Matthew Zions: Perseverance Pays Off
Less than a week after capturing his first European Tour title and Matthew Zions found himself being into the spotlight.
The player, whose bio details appear last in the 2011 European Tour Official Guide, had broken through to capture the Saint Omer Open in northern France.
Zions behind the wheel of a 1936 BMW at the BMW International Open
Zions ended a 45 European appearance run to win for the first time.
And win he did, by a massive seven shots to collect the €100,000 first-prize cheque and a jeroboam bottle of champagne.
Four days later and the Gosford-born golfer, who grew up in Kempsey, found himself being grouped with double US Open winner, Retief Goosen and Ryder Cup winning star, Miguel Angel Jimenez for the opening two rounds of the prestigious BMW International Open in Munich.
“I have to admit when I saw the draw that the thought of playing alongside Retief and Miguel made me feel a bit nervous,” said Zions.
“I was a bit shaky too on the first tee but both Retief and Miguel made me feel really comfortable.”
“I had played a practice round with Sergio Garcia and Luke Donald in the 2007 British Open but in terms of tournament golf, I’ve never played in such company before.”
“I had been hitting the ball well and coming off a win like last week should always help make you at ease.”
“So it was fun playing with Miguel and Retief and especially Retief, as I love watching his swing while Miguel is very animated.”
“Being up close and watching them play this game sort of makes you realise you are just as good as they are.”
“And to win a golf tournament just reassures you that everything you are working is right.”
The weekend of June 18 and 19 had proved one of the most memorable days in Australia golf for several years.
Firstly, Bryden MacPherson captured the British Amateur at Hillside in England, a year after Melbourne resident Jin Jeong won the title at Muirfield.
Zions then won in France while in the States, Jason Day continued his impressive majors form in finishing runner-up to Rory McIlroy at Congressional in the US Open.
And to top it off, on the secondary Nationwide Tour, Hobart’s Matthew Goggin set about re-establishing himself on the main PGA Tour in 2012 with a second victory this year in capturing the Wichita Open.
“It was a pretty good weekend for Aussie golf and it’s nice to see Matty Goggin winning again because he’s such a good player,” said Zions.
“It’s only two years ago when he went so close in the British Open but with Jason Day playing so well, it shows that Australian golf is still in pretty good shape.”
Zions admitted his success in France had to be due to the inspiration gained in Andrew Tampion winning the Challenge Tour Telenet Open in Belgium.
Tampion is one of Zion’s closest friends on Tour in Europe and his victory at Royal Waterloo was his second after breaking through three years earlier in Ireland.
“Tamps and I are very good mates and it was great to see him win again as he’s had rough time in trying to get back on the main Tour,” said Zions.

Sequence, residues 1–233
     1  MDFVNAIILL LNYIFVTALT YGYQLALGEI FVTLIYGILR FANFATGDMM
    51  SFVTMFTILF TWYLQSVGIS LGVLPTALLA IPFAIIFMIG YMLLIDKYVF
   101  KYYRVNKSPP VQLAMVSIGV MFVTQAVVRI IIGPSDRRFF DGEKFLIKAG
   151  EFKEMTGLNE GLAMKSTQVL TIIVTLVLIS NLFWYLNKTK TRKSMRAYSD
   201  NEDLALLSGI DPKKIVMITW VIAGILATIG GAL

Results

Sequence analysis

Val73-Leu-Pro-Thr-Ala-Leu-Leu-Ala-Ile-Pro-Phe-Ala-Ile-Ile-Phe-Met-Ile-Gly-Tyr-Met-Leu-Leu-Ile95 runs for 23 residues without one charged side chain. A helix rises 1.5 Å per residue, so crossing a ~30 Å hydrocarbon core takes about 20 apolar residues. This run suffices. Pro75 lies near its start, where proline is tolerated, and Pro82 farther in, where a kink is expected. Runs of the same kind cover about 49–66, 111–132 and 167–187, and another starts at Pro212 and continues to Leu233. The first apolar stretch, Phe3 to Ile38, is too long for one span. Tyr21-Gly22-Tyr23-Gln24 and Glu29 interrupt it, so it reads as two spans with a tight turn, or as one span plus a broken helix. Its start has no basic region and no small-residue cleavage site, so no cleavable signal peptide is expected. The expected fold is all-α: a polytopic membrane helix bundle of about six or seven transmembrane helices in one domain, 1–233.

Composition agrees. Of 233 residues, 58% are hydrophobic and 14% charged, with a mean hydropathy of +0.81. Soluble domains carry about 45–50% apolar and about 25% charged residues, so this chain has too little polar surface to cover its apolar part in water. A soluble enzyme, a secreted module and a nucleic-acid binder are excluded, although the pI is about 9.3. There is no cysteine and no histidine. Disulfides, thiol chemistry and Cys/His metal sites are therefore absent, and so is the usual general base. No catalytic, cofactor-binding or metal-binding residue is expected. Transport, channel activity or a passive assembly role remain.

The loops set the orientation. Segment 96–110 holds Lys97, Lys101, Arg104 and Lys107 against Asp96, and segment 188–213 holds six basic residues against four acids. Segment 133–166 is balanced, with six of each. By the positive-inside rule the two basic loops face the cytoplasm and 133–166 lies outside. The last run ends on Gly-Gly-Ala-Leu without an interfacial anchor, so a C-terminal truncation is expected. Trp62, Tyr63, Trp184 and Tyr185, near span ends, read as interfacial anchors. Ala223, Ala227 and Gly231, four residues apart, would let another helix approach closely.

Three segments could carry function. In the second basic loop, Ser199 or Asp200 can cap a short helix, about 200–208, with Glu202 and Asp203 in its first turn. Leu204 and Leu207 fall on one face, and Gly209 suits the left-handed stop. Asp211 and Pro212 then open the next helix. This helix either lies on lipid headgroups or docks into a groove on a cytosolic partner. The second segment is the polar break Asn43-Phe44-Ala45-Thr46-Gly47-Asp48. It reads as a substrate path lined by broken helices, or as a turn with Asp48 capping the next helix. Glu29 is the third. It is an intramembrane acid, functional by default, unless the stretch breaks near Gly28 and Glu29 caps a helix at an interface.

“But seeing him win in Belgium shows that you can never stop believing you can win out here.”
“No one ever presents you with a tournament victory and no matter how hard you try, and how many sacrifices you make, you still have to go out there and do it.”
Zions had been two over par after just three holes but then recorded rounds of 68-72-67 and a final-day 69.
“It’s great winning my first tour event but I have to say, I never thought I would win by seven strokes,” he said.
“But it was one of those weeks where I felt in the zone – (Frenchman Thomas Levet walks past and reaches out to shake Zions hand) – and that’s what nice about this game because I have had so many people come up to congratulate me.”
“So come Sunday, I thought the course was mine for the taking.”
Given the event was a dual European and Challenge Tour event, it means Zions received only a one-year exemption instead of the normal two years.
But it’s the luxury of knowing he’s now into all the big events on this year’s Race to Dubai schedule that delighted the 32-year old the most.
“You always hope that when you tee it up on a Thursday that it will be the week where everything clicks – and Saint Omer was that week,” he said.
“From the time I was hitting balls on the range on Thursday it just translated into making scores and that’s not always happened for me.”
“But then at the end of the day it’s the putter that helps you win tournaments, and I just putted so well.”
“I must have missed just two putts a round and all my bogeys, except for one hole, were three putts.”
Among the first to congratulate Zions was good friend and financial supporter, Grady Durham who lives in Denver, Colorado where Zions’ family also reside.
“There had been times over the fall and the winter breaks that I felt like packing the game in but Grady was always positive and driving me to continue,” said Zions.
“He lives in Denver and he’s a very successful businessman, and has been one of my biggest supporters, not only financially but mentally.”
“I finally got to speak to him two days after winning and he was over the moon.”
“I’ve got a lovely trophy to keep, a decent size pay cheque, a huge bottle of champers plus I kept the ball I played with – even though I nearly threw it away.”
“I also got a ride back to England with Nick Dye, who works the European Tour radio, so he drove me home to Egham, where I’m based in the UK.”
“And when I got back to Egham, I went to my favourite fish and chip shop that was still open for a fish supper.”
“It was just a great way to finish off a great day.”